My training diet prescribed 12 to 15 ounces of animal protein per day.  In addition to this I was consuming two protein shakes per day and a breakfast consisting of a 7 egg-white omelette.  The animal based proteins are the biggest problem.  Though some people have reported problems with Gout attacks when taking supplemental Protein Shakes, it is usually admitted that the protein shakes are a part of an already high-protein diet.  In fact, most Protein Shake supplements these days are dairy based Whey Protein and in a study published by the New England Journal of Medicine,

We found a strong inverse relation between consumption of dairy products, especially low-fat dairy products, and the incidence of gout. The ingestion of milk proteins (casein and lactalbumin) has been shown to reduce serum uric acid levels in healthy subjects because of the uricosuric effect of these proteins. Conversely, a significant increase in the uric acid level was induced by a dairy-free diet in a four-week randomized clinical trial. Since dairy products are low in purine content, dairy protein may exert its urate-lowering effect without providing the concomitant purine load contained in other protein sources such as meat and seafood. Although other nutrients in dairy products may be responsible for the inverse association, there is currently no relevant biologic or metabolic evidence available.”

The above referenced study points to the second major flaw in my training diet: the elimination of dairy.  Dairy products like low-fat milk, cheese, cottage cheese typically have sugar and salt levels we were trying to avoid in the diet plan supplied by the nutritionist.  As it turns out, eliminating dairy from my diet may have been the catalyst that enabled the severe problem I developed on this diet.  This from a study published by the New England Journal of Medicine, “…consumption of dairy products, especially low-fat dairy products, is associated with a substantially reduced risk of gout.”

It also seems that the overall goal of attempting to reduce my body fat may have played a factor.  Over the last 18 months, I have lost nearly 60 pounds.  I have been very careful to lose the weight safely and gradually using a combination of exercise and healthy eating.  In an article discussing obesity and Gout from the Mayo Clinic, “…avoid fasting and rapid weight loss because these can promote a gout attack.”  Though I never had fasted and certainly do not consider my weight loss “rapid”, the fact that I was working to lose weight may have played a role in my issue as well.

Aside from Gout, there are many studies that point to high-protein diets as the culprit for chronic pain issues.  There is a condition commonly referred to as Protein Arthritis, which can cause chronic pain and inflammation in the major joints, back and legs.  Pain usually comes on during times of rest and can be mitigated through activity.  From The Journal of Bone and Joint Surgery,

“There is a definite relation between high protein intake and chronic joint pain; this is not always indicated by high uric acid content in the blood, although it may be. There is a definite form of arthritis due to or associated with incomplete metabolism, poor elimination, or both. This condition is found in the young as well as in the old; in the lean as well as in the fat; in those of active as well as those of sedentary habits.”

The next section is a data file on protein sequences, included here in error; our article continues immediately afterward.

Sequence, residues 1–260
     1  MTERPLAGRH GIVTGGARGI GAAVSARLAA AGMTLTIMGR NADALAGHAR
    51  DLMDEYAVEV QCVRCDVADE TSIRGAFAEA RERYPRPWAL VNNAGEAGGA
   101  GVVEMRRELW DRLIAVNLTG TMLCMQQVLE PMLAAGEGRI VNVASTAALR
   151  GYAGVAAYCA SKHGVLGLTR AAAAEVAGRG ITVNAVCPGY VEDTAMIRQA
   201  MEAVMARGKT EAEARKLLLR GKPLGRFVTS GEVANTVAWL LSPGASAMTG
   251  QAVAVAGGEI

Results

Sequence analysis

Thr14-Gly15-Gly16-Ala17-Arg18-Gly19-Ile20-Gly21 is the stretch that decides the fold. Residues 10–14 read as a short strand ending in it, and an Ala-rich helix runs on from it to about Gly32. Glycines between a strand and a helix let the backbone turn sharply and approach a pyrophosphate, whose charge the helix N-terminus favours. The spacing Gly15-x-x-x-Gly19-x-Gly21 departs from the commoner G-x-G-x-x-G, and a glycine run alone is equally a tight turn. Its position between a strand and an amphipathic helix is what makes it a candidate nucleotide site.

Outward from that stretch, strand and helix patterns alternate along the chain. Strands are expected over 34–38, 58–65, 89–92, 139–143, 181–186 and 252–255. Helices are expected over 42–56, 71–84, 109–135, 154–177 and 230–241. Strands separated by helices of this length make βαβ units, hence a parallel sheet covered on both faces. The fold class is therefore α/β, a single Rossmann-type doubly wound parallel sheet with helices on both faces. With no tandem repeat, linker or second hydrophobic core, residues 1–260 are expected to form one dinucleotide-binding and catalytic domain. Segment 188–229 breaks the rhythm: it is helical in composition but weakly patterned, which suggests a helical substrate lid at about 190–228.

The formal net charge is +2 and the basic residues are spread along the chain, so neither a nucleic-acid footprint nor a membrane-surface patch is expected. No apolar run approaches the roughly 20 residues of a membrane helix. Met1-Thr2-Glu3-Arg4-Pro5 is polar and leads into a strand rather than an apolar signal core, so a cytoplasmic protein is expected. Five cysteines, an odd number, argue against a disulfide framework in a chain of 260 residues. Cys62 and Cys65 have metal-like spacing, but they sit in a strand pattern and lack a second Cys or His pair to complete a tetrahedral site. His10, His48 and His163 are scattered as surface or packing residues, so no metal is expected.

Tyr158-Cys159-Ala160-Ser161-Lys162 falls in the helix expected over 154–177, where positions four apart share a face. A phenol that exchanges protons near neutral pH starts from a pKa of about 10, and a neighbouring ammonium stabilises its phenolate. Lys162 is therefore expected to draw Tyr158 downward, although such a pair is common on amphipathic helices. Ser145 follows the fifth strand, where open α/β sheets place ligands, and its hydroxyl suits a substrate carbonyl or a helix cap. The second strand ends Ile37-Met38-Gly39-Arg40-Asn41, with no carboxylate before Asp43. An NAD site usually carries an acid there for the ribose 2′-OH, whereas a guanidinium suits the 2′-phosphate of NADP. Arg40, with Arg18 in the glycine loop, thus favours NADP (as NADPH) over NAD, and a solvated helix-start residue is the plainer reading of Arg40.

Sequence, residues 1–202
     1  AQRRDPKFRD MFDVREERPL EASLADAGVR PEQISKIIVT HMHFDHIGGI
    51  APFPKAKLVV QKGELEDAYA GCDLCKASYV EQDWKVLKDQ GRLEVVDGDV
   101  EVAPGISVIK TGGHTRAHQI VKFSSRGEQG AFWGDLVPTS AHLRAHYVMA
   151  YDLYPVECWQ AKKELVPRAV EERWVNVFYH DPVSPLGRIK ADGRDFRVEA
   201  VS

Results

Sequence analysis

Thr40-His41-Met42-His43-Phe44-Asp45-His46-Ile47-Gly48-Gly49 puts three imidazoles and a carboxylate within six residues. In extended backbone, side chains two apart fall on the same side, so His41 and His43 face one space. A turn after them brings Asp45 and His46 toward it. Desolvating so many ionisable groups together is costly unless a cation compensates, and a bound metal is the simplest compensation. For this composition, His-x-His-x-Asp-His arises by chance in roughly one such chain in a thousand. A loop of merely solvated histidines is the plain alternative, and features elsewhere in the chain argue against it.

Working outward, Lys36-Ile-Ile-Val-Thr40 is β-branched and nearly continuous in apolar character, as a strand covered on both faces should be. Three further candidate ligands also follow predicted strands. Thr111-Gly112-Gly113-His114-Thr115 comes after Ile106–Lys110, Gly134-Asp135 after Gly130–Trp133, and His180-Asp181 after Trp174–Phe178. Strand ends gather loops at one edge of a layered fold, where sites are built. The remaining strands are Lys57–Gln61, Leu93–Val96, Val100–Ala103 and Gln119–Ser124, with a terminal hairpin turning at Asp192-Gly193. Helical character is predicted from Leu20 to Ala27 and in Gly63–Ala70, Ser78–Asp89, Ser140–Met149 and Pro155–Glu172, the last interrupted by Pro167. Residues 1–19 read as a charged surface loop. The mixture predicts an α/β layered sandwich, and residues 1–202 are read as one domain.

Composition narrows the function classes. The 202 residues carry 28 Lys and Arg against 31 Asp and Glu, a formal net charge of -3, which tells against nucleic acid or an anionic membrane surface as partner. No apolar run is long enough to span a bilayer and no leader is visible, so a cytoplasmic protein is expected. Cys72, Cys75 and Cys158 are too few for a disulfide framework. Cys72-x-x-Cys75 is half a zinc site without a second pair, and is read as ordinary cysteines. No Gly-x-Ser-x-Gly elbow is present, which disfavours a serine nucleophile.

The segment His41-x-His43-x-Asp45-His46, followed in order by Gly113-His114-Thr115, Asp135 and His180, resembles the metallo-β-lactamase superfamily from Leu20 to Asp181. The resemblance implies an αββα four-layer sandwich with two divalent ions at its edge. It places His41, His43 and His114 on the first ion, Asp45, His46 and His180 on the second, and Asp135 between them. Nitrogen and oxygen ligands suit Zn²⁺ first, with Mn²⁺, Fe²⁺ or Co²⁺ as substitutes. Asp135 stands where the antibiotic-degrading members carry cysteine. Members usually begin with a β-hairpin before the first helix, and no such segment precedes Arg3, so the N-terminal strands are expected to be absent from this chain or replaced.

The associated paper, written by Paul B. Magnuson, M.D., describes many case studies where a patient’s chronic pain issues where a direct result of a high-protein diet and could be managed and/or eliminated through diet.

So, what do I do now?  Well, I am going back to what was working before, following a healthy, clean raw-foods diet with a limited amount of animal protein. I will also reintroduce dairy to my diet and continue to limit over-processed foods with high sodium and sugar content. This from the New England Journal of Medicine,

“A diet designed to prevent gout should derive its protein content from egg whites (instead of whole eggs) and milk products, and should eliminate or substantially reduce consumption of meats and seafood.”

“A higher total intake of animal or vegetable protein was not associated with an increased risk of gout. Actually, our results regarding vegetable-protein intake suggest that protein from vegetable sources may have a protective effect, although its magnitude appeared to be smaller than that provided by dairy protein.”

And from the same article,

“Overall, however, our findings provide prospective evidence that meat consumption and seafood consumption are associated with an increased risk of gout, whereas consumption of dairy products, especially low-fat dairy products, is associated with a substantially reduced risk of gout. In contrast, moderate intake of purine-rich vegetables or protein is not associated with an increased risk of gout.”

 

If you have experienced seemingly random joint pain, chronic pain, or any other related issues I would love to hear your story.  

If I can help any single person rid themselves of pain, or find an answer to a chronic problem that is continually misdiagnosed, I will be very happy about having told my story.  Understanding how your body metabolizes proteins and what problems can come from consuming too much protein is important to feeling better and being more active.  Mine was a problem that, multiple times, completely wrecked my health.  Doctors have a difficult time diagnosing these nutrition related issues because the symptoms are so general and misleading.  If you suspect you may have an issue, simply try reducing (or eliminating) your protein consumption for a month and see what happens.  What could it hurt?